The present study confirms previous reports that donor age has a large impact on allograft function. However, there is no treatment to adjust for the fact of using allografts from older subjects. It should be noted that urinary calprotectin predicted allograft function even after adjustment for donor age. Hence, measurements of urinary calprotectin may add to the diagnostic procedures.

Beside the use of urinary calprotectin for prediction of immediate renal allograft injury, its determination immediately after kidney transplantation may be helpful and a necessary step for the implementation of future strategies to improve outcome after kidney transplantation. In summary, urinary calprotectin is an early, noninvasive predictor of acute renal allograft injury after kidney transplantation.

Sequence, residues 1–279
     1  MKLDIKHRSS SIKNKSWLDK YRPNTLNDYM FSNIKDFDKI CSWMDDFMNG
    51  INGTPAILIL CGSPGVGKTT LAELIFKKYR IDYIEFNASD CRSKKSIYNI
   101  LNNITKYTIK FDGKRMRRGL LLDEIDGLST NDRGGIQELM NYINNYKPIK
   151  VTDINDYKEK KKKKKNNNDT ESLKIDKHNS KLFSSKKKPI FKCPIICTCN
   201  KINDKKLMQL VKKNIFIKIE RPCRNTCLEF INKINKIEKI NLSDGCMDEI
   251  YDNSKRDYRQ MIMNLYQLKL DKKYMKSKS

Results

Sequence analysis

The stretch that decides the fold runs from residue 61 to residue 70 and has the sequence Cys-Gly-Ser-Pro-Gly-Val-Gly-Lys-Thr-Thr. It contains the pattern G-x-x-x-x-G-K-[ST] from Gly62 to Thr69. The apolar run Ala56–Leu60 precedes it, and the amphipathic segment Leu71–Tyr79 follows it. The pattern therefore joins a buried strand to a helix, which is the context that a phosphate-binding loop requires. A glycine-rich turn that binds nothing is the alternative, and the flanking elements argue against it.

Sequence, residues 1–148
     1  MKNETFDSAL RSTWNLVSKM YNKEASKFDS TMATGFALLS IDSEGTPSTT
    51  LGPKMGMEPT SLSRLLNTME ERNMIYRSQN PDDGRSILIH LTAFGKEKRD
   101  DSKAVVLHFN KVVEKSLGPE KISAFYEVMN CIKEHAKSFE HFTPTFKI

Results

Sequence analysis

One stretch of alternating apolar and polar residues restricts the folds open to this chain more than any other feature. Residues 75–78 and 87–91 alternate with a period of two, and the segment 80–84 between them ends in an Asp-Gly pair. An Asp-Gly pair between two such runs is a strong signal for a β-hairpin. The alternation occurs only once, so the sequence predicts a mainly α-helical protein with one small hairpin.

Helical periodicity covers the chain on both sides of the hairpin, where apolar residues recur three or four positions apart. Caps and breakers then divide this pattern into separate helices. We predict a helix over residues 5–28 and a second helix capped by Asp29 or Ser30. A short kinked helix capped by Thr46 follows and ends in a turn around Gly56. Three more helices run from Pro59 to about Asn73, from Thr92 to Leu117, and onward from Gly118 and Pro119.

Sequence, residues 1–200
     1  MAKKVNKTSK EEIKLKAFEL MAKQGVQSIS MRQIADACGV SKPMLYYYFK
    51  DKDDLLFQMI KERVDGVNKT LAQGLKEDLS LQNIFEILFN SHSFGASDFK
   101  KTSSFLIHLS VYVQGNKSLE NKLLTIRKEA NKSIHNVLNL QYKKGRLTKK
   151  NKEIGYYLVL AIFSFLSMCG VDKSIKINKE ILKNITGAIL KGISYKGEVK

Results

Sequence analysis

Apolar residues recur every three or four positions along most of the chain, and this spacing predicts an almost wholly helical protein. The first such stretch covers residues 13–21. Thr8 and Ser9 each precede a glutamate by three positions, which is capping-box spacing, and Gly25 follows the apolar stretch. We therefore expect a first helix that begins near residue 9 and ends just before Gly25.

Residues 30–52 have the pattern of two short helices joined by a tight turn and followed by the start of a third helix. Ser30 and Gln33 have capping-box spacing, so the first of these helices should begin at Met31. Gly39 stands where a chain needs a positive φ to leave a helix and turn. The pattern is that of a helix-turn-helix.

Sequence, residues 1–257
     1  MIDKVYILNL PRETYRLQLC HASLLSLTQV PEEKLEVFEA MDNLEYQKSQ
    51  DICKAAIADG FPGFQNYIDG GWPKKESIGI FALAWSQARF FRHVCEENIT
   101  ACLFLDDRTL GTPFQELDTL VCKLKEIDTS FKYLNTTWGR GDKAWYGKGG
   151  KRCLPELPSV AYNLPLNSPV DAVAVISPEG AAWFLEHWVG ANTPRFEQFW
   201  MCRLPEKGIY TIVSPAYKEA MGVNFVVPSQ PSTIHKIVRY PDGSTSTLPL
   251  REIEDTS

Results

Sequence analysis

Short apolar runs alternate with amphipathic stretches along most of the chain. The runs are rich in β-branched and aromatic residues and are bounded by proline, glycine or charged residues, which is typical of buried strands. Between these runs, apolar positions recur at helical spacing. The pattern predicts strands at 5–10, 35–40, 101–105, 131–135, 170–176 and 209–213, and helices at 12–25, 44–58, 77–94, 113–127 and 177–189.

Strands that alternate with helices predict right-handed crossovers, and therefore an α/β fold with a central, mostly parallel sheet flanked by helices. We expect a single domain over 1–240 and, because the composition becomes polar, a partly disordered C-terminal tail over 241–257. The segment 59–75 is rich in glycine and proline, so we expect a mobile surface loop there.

Supporting Information

Table S1.

Mixed model analyses for estimated glomerular filtration rate 4 weeks after kidney transplantation.

https://doi.org/10.1371/journal.pone.0113006.s001

(DOC)

Acknowledgments

Supported by Deutsche Forschungsgemeinschaft (German Research Foundation, Research Unit FOR 1368) and the European Union (Interreg 4A, grant number 62-1.2-10).

Author Contributions

Conceived and designed the experiments: MT THW. Performed the experiments: MT C. Borst C. Bistrup NM NP FS RA WZ THW. Analyzed the data: MT C. Borst C. Bistrup NM NP FS RA WZ THW. Contributed reagents/materials/analysis tools: MT C. Borst C. Bistrup NM NP FS RA WZ THW. Contributed to the writing of the manuscript: MT C. Borst C. Bistrup NM NP FS RA WZ THW.